james johnston pettigrew


This is James Johnston Pettigrew’s only book, privately printed in Charleston in the first weeks of the War between the States and here for the first time published. In the opening passage the author describes himself crossing the Alps on his way to seek service in the army of the king of Sardinia. His mission was to take part in a struggle for liberty, the liberation of Italy from the yoke of Austria.

That was 1859. By pure chance it was the Fourth of July, not only the birthday of American independence but also, as it happened, Pettigrew’s own birthday, his thirty-first. Exactly four years later (the Fourth of July 1863), he was beside the Emmitsburg road near a Pennsylvania town called Gettysburg, nursing a useless right arm which had been smashed by grapeshot and waiting for an enemy counter-attack that never came.

All about him were the survivors of the North Carolina soldiers that the day before he had led through a mile of frontal and flank fire to within a few yards of the now eternally famous stone wall on Cemetery Ridge. Pettigrew was, by his own lights, engaged in another struggle for liberty, that of his own people from a Union that had grown hateful. Two weeks later, he was dead of a wound received in a minor skirmish as the rearguard of the Army of Northern Virginia recrossed the Potomac back to the Confederacy.

In 1859 Pettigrew had caught up with the allied Sardinian and French forces in northern Italy just a few days after the decisive battle of Solferino. In that battle the French had broken the Austrian center, posted on a ridge, by an attack across a wide expanse of open land—an uncanny resemblance in terrain and action to the third day at Gettysburg, as any visitor to both places will see and as Pettigrew must have noticed. The open ground covered by the French charge was a bit steeper but also shorter than that to be covered by Confederates on July 3, 1863. And of course, unlike the Confederates at Gettysburg, the French were successful.

The author’s early death, along with the time and circumstances of its printing, explain in part why his book has been nearly unknown. Another reason is the title, which does not give much of a hint that it belongs in the domain of Southern literature, but places it, apparently, in the rather perishable category of travel books. Notes on Spain and the Spaniards is, in fact, an extremely interesting product of the intellect of the late antebellum South, which accounts for its publication in this series.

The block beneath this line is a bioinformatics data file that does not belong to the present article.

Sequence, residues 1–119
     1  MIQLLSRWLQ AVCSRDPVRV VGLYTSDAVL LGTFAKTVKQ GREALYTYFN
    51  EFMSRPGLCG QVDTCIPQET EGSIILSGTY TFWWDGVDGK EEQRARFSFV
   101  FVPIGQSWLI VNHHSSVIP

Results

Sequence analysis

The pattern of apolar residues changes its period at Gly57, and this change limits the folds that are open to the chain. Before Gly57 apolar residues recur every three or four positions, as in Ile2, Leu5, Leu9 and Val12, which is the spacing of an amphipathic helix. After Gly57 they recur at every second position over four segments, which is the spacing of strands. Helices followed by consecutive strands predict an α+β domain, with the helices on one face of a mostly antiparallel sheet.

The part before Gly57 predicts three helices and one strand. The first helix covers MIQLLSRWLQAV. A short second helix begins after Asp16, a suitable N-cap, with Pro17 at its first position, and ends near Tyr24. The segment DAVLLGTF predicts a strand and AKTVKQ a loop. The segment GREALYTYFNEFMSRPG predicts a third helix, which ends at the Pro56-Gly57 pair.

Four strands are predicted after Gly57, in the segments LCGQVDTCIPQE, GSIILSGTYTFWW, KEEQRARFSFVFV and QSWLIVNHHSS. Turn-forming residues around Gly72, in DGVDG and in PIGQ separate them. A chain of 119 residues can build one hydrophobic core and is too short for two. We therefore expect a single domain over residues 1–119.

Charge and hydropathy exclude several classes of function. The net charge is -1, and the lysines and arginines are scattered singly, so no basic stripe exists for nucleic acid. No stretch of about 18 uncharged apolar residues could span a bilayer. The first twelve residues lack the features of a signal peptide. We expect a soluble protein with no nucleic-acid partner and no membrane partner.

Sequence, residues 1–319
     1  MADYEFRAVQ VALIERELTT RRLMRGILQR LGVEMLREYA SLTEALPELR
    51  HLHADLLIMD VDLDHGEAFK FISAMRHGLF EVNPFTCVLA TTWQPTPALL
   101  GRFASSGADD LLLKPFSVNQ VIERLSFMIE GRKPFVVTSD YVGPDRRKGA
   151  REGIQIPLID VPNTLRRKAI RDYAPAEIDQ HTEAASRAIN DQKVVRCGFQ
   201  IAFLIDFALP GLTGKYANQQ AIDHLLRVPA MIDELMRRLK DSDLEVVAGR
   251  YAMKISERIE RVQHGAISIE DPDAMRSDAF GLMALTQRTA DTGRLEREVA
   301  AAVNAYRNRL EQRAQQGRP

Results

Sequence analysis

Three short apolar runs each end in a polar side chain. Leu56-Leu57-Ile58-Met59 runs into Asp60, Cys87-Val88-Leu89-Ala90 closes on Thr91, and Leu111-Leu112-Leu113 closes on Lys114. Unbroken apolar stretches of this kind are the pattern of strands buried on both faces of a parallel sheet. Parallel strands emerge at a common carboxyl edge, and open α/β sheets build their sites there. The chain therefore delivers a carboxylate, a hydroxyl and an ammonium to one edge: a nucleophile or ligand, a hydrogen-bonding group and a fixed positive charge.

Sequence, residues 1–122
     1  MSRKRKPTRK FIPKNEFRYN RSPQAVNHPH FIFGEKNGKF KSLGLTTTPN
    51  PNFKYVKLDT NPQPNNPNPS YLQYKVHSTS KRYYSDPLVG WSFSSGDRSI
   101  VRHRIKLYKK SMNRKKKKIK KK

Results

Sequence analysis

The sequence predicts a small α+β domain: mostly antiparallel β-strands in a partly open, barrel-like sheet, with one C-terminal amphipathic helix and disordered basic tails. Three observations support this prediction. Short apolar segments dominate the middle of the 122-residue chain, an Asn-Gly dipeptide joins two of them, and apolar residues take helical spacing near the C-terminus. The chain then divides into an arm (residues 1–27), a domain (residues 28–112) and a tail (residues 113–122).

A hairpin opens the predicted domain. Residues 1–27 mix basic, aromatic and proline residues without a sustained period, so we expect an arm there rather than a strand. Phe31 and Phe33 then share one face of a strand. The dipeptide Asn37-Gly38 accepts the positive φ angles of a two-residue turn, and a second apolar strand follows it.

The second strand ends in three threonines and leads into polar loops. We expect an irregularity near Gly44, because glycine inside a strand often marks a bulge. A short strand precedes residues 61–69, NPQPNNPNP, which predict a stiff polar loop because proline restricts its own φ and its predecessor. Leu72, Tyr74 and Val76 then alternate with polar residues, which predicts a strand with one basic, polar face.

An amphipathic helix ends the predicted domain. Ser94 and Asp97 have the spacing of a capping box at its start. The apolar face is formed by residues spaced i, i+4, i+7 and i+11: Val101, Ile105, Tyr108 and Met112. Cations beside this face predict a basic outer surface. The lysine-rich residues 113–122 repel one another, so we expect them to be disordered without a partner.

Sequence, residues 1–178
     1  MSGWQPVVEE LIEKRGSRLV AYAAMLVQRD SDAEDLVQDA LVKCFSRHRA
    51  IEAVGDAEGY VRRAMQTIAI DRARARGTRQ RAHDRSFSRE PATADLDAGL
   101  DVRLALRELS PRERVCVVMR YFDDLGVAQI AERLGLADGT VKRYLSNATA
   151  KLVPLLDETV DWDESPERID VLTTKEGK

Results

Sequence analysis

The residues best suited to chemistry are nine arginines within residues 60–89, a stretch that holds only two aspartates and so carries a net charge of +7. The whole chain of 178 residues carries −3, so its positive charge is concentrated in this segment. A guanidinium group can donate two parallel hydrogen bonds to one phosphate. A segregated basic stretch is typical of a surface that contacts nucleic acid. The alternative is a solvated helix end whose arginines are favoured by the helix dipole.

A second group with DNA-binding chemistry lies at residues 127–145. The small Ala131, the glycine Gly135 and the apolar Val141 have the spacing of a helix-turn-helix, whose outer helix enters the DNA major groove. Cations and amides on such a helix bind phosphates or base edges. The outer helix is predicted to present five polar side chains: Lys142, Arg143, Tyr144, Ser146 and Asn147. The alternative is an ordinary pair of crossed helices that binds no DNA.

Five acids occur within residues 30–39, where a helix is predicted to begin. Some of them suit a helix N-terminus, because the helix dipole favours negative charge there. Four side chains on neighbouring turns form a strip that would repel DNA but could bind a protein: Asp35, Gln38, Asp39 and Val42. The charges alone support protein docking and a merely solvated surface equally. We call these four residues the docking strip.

The Author

James Johnston Pettigrew was born on 4 July 1828 at Bonarva plantation in Tyrrell County, North Carolina. He was the sixth of seven children of Ebenezer Pettigrew, a pious, hard-working, and very successful planter, and Ann Blount Shepard Pettigrew, who came from a prominent New Bern mercantile family. There is an apocryphal story about a proud man who refused to serve in Congress because it was no place for a gentleman. This was quite literally true of Ebenezer Pettigrew, who, after one term in the House of Representatives, never set foot in Washington again. The son inherited the father’s idealism but not his disdain for public action.

While he was still a child his relatives observed that Johnston (as he was usually called) enjoyed exceptional mental gifts. The end result was that, while two older brothers inherited plantations, the youngest’s legacy was the best available education and a portion of capital sufficient to allow him to become established in a profession.

He attended Bingham’s academy in Hillsborough, considered the best school in the state, and the University in Chapel Hill, from which he was graduated at eighteen first in his class with a perfect academic record. Among visiting dignitaries at the Chapel Hill commencement of 1847 were President James K. Polk, an alumnus, and Lieutenant Matthew F. Maury of the Navy, already gaining international reputation as an astronomer and oceanographer. They were so impressed with the mathematical genius of the valedictorian that Pettigrew was on the spot offered a “professorship” at the Naval (or National) Observatory, of which Maury was superintendent. Maury was later to refer to Pettigrew as “the most promising young man of the South.”1